When living a life of starbases, ships, and environmental suits, with all air refined and filtered between breaths, one thing a person quickly became unaccustomed to was dust, which was unfortunate because Cardassia 4 was likely the dustiest M-class planet in the sector.
As soon as the transporter released her, Eden started coughing, and Ral was not far behind. Once her throat was clear, Eden pulled her tricorder from her belt. “I’m showing a series of caverns a bit to the east, with signs of recent excavation. Something’s blocking my tricorder from seeing much past the entrance.”
“The baffling field is at least partially technological,” Ral said, watching her own transporter. “Though there’s also ore in the rocks hiding things. Explosive residue indicates low-grade Cardassian shaped charges.”
“Shaped charges…” Eden nodded, touching the heavy pouch at her side. The disc… the key. “I wonder.” She led the way toward the cavern entrances.
As they approached, she dropped behind a rock outcrop, tugging Ral down alongside her. “There.” A series of prefabricated structures stood around a central hole. “Pretty sure this is a dig site…”
Ral nodded, glancing down at her tricorder. “I’m not detecting life signs. Warmth, though… the structures are heated.”
“Come with me. Eyes open.” Eden moved into the camp, Ral moving beside her. I don’t see anyone. Tricorder still shows no life signs. And I don’t sense anyone…
“Maybe they’re down in the dig,” Ral suggested.
“Maybe,” Eden murmured. “Only one way to find out.” There was a rope descending into the hole, and Eden took hold of it, starting down. A moment later, Ral followed. They were engulfed in darkness quickly, and Eden paused a moment to activate the lamp on her belt. Anyone at the bottom of this hole will see us coming down.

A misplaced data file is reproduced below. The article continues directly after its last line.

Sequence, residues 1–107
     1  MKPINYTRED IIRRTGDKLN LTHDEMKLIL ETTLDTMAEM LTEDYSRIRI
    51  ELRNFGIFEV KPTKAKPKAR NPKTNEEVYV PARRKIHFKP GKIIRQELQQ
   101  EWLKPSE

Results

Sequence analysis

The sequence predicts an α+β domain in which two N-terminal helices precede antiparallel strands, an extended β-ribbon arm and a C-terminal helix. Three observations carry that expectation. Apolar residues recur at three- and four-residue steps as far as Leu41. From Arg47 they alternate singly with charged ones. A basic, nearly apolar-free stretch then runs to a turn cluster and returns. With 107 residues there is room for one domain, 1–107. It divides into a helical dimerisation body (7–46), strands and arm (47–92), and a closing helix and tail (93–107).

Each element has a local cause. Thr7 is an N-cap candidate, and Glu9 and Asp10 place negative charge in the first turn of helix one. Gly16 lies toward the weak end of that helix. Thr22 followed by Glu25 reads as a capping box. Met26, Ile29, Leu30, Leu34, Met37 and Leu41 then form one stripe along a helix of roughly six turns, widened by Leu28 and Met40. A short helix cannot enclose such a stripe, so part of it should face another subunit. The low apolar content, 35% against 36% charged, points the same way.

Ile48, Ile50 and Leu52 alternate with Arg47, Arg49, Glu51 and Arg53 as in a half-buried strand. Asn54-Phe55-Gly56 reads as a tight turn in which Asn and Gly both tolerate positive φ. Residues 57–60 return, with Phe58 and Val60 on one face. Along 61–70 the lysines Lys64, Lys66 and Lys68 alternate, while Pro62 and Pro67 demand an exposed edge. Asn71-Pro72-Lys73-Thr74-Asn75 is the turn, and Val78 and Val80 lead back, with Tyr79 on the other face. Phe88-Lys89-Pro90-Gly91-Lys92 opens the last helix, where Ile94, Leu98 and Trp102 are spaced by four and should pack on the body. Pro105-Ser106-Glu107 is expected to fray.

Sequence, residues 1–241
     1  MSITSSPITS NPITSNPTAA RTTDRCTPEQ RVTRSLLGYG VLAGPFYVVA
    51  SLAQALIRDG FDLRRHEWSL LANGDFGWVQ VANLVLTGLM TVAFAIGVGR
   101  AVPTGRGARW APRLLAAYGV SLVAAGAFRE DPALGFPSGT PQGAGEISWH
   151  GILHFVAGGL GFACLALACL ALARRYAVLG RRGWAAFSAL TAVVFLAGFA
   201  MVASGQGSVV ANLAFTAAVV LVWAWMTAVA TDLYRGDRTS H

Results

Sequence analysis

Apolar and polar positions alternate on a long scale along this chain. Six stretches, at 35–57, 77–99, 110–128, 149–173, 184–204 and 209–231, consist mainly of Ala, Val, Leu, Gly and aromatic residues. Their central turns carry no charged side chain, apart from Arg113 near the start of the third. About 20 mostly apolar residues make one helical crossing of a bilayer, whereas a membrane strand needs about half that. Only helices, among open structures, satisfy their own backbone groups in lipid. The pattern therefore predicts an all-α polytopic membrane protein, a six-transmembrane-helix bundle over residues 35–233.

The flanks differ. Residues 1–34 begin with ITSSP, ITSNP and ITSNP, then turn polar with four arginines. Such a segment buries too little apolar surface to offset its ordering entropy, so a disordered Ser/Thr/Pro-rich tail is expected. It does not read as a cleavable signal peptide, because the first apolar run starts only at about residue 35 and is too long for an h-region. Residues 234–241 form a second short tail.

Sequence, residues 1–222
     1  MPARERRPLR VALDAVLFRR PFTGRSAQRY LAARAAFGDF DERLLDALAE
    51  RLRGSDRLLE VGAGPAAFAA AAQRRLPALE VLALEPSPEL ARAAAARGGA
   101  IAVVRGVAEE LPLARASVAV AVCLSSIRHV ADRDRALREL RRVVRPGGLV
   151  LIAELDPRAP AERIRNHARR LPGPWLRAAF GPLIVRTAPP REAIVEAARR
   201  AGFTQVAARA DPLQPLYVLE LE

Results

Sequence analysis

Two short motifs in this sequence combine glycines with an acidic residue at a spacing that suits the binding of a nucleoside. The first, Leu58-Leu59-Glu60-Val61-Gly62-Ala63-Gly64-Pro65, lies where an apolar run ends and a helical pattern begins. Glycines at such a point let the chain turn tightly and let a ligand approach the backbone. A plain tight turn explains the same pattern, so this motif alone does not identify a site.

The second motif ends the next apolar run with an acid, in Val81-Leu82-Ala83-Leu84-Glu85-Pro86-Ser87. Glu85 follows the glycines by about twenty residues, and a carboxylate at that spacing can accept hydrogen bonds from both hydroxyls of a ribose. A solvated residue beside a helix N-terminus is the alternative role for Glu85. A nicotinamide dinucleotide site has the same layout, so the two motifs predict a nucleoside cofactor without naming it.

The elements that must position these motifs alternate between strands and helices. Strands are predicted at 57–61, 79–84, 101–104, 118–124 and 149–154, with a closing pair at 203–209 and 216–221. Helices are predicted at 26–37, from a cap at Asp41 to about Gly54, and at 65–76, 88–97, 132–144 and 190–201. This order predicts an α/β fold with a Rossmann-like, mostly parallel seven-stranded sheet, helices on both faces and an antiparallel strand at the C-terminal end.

But there was no one at the bottom – just a tunnel, which they started down. Cardassian light-poles lit the way, so Eden doused her lantern and kept going.
“Do you think we have the right place?”
Eden paused as the natural rock gave way to an arched, open gateway, a teardrop-circled flame at the peak of the arch. “We have the right place.
Ral gazed up at it. “Commander… it’s like the rock was guided to petrify the existing structure.” She checked the tricorder. “The stone is more than half a million years old. The metal within is blocking my tricorder.”
Eden nodded, checking her own, then blinked. “Ensign, step to the other side of the gate for a moment. Put the wall between us.”
“Aye.” Ral did as Eden said, and the moment she was out of sight, the sense of her – excitement, anticipation, curiosity, worry – winked out of Eden’s mind. When she returned, she looked at Eden curiously. “Commander?”
“It blocks my empathic abilities as well,” Eden said. “We’re going in blind.”
Ral shook her head. “We work on the Breen border, Commander. Aren’t we always going in blind?”
Eden laughed softly. “Your point is granted, Ensign.” She led the way along the path. “Hypotheses?”
“The more I look at the stone,” the Trill said as they passed a few small buildings and the chamber widened around them, “The more convinced I am that the petrificaiton was deliberately encouraged. The Tkon wanted this place to last, to be seen by the people who came after them.”
“Or their own descendants,” Eden said. “A lot of empires that stand for ages think they’ll stand forever.”
“The Tkon definitely lasted long enough to watch their own great works crumble to dust,” Ral said. “The question is, what was so important that they wanted to keep it in place forever?”